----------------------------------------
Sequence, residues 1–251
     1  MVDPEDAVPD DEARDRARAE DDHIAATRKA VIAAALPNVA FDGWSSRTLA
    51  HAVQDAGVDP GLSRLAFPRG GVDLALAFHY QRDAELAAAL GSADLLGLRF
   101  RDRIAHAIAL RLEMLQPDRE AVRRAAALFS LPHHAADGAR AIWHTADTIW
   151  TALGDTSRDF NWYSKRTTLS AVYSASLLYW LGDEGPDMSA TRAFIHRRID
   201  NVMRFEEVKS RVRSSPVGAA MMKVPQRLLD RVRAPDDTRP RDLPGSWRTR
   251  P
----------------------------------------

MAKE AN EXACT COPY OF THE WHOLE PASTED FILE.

Sequence, residues 1–251
     1  MVDPEDAVPD DEARDRARAE DDHIAATRKA VIAAALPNVA FDGWSSRTLA
    51  HAVQDAGVDP GLSRLAFPRG GVDLALAFHY QRDAELAAAL GSADLLGLRF
   101  RDRIAHAIAL RLEMLQPDRE AVRRAAALFS LPHHAADGAR AIWHTADTIW
   151  TALGDTSRDF NWYSKRTTLS AVYSASLLYW LGDEGPDMSA TRAFIHRRID
   201  NVMRFEEVKS RVRSSPVGAA MMKVPQRLLD RVRAPDDTRP RDLPGSWRTR
   251  P